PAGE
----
Although celebrations by pro-affirmative action student groups could be heard across campus yesterday, it was not necessarily a total defeat for their counterparts.

J. Brady McCollough
Madelina Young, Carolina Saenz and Patricia Dyer of Students Supporting Affirmative Action celebrate the U.S. Supreme Court ruling yesterday during a rally on the Diag. (SETH LOWER/Daily)

Anti-affirmative action student groups cite the U.S. Supreme Court’s 6-3 ruling against the University’s controversial point system as evidence that a part of the University’s undergraduate admissions policy is indeed unconstituational.

Andrew Robbins, LSA student and co-president of the Jewish University Republican Alliance, said of his recently formed student group that, “We were a little disappointed, but they did strike down the point system, so in that regard we are happy.”

This sentiment was reiterated by Mike Phillips, LSA senior and publisher of the conservative journal The Michigan Review.

“I was most against the undergraduate policy because of the quota system,” he said.

Although Phillips acknowledged the other side’s victory, he is apprehensive about the future implications of this ruling for the University and its students.

“I am now concerned with what the University will be doing to more accurately reflect the constitution and the mandate,” he said.

The Review’s editor in chief , Ruben Duran, expressed a concern similar to that of Phillips.

“(The University) is going to find another way to get around it, to continue their social experiment to make minorities feel good,” he said. “(They) will now say ’19 and a half points is what we give,'” he added.

The split decision left room for optimism on both sides, but also created some frustrations.

“Essentially it did nothing – nothing is different,” said Duran. “The University will continue to purport the idea of diversity which has been upheld as a compelling state interest.”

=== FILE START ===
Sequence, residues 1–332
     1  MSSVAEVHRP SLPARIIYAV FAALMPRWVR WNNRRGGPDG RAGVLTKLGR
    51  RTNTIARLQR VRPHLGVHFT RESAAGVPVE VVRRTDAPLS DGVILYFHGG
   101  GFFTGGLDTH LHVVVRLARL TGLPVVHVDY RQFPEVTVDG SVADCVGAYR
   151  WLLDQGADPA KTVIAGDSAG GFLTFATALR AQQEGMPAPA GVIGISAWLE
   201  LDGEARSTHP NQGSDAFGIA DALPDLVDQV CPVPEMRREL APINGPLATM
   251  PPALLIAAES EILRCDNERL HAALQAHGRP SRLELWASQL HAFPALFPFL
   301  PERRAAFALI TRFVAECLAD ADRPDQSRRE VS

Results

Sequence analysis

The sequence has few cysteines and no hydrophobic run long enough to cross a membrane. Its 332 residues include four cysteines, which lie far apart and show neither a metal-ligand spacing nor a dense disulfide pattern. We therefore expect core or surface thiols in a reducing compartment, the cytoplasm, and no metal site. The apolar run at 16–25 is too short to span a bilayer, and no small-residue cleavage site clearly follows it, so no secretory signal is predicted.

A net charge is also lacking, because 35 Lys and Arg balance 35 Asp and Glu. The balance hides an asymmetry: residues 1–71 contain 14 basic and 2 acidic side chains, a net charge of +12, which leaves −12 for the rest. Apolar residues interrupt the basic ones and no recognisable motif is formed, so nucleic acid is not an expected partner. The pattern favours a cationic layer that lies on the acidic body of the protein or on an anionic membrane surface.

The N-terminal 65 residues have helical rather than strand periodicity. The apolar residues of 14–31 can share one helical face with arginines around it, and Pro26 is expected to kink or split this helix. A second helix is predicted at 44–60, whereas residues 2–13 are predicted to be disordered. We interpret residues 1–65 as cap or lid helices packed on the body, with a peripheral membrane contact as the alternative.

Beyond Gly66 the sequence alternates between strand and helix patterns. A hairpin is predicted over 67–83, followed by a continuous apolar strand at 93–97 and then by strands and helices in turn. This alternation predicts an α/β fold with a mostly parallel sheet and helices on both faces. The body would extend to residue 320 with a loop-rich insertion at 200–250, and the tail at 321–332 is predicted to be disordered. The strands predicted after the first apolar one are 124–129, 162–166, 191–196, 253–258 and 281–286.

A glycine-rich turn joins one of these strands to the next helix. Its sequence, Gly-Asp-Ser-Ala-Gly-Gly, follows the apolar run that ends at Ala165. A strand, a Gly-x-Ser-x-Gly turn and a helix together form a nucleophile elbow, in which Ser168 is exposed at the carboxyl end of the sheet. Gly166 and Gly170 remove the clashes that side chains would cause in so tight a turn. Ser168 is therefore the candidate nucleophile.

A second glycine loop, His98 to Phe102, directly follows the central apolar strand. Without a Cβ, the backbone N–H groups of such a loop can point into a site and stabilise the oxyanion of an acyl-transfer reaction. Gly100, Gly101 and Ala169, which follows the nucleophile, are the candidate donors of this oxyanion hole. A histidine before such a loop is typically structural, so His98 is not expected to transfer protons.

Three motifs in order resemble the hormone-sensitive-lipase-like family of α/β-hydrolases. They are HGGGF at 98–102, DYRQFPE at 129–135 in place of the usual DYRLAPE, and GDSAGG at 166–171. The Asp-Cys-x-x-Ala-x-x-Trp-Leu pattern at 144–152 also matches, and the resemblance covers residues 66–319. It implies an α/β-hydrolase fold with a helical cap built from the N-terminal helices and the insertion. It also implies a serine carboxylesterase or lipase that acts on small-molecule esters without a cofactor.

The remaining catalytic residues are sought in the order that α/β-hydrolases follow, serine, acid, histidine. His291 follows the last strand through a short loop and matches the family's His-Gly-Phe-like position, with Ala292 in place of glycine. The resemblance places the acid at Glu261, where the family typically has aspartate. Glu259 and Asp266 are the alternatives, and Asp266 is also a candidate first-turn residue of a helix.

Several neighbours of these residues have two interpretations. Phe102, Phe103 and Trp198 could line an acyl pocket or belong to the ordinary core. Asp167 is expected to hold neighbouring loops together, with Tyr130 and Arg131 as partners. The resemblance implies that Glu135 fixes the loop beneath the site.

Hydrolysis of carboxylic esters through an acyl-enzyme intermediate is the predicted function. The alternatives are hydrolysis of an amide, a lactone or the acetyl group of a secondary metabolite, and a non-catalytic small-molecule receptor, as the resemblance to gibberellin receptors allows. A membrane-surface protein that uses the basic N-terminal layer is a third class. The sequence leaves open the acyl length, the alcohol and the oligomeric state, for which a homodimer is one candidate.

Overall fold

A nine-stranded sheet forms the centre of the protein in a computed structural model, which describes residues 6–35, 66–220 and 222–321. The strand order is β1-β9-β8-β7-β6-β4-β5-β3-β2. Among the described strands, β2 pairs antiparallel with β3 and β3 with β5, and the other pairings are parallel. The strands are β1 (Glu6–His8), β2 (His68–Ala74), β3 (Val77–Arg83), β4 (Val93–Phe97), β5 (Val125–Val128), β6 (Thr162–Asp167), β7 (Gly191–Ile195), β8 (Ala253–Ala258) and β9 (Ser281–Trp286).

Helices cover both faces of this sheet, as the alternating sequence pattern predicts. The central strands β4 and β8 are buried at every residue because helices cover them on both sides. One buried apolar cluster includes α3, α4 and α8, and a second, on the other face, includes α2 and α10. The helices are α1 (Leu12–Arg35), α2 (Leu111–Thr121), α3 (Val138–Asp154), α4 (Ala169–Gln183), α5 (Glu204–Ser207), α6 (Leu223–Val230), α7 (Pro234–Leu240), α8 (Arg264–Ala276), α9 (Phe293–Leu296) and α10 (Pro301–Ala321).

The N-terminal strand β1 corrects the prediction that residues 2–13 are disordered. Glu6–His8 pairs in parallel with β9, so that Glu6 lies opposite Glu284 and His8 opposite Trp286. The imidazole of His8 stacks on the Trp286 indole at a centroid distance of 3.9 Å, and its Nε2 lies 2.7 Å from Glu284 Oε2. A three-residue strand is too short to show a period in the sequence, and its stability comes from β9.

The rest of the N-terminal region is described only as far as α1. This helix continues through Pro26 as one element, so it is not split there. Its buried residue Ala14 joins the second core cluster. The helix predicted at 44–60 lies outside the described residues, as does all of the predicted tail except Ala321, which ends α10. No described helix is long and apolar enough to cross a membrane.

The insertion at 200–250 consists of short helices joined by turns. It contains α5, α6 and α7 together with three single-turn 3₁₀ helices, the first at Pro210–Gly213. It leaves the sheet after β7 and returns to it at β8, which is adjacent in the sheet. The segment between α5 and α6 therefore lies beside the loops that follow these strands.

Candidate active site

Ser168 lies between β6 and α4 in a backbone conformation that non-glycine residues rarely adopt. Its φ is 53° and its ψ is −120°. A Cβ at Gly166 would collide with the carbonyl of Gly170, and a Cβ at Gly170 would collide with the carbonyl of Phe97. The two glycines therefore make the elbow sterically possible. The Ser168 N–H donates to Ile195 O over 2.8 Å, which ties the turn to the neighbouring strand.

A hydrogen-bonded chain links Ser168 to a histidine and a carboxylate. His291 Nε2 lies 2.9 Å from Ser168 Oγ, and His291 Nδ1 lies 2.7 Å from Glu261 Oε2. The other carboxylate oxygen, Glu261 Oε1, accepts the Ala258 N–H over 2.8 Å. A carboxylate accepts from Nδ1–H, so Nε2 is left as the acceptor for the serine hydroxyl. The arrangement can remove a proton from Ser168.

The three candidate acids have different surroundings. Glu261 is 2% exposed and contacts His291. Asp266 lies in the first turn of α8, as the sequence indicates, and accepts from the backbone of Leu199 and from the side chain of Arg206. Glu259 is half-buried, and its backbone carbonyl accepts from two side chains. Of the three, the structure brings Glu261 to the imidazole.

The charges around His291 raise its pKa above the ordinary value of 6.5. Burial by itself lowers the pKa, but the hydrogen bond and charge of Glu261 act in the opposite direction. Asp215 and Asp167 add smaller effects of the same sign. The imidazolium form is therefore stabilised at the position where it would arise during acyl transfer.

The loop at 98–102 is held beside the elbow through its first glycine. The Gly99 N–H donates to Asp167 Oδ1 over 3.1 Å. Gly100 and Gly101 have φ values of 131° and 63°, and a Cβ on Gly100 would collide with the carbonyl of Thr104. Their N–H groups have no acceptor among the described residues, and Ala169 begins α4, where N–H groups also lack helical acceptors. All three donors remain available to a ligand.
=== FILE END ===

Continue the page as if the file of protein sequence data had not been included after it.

Duran’s disappointment was echoed by Chip Englander, an LSA alum, former chairman of the College Republicans and founder of Young Americans for Freedom.

“The decision is ridiculous. It would have been nice to get a clear-cut decision,” he said.

Robbins said of the split that it “showed that the Supreme Court, like the rest of the country, is split on these issues.”

Despite the split decision, the ruling yesterday allowed race to be used as a factor in University admissions policies.

Phillips agreed that race was a factor but warned against giving it too much weight, “Race can play some role, but it can’t play a deciding role – it needs to be used very narrowly,” he said.

Although Phillips said he believes it’s possible to implement a new plan that takes race into consideration, many anti-affirmative action activists disagree. Duran said that “an even more secretive, subjective, non-transparent system” is to be expected. Robbins said that JURA is just looking for (an admissions policy) that is merit based.

But despite these mixed reactions, both anti-affirmative action groups and anti-affirmative action activists are pleased that the undergraduate point system is being modified.

LSA sophomore, MSA member and College Republican Jesse Levine said, “Although I’m a Republican and a moderate, I feel confident with the decision. I’m proud to be a student at the University of Michigan.”

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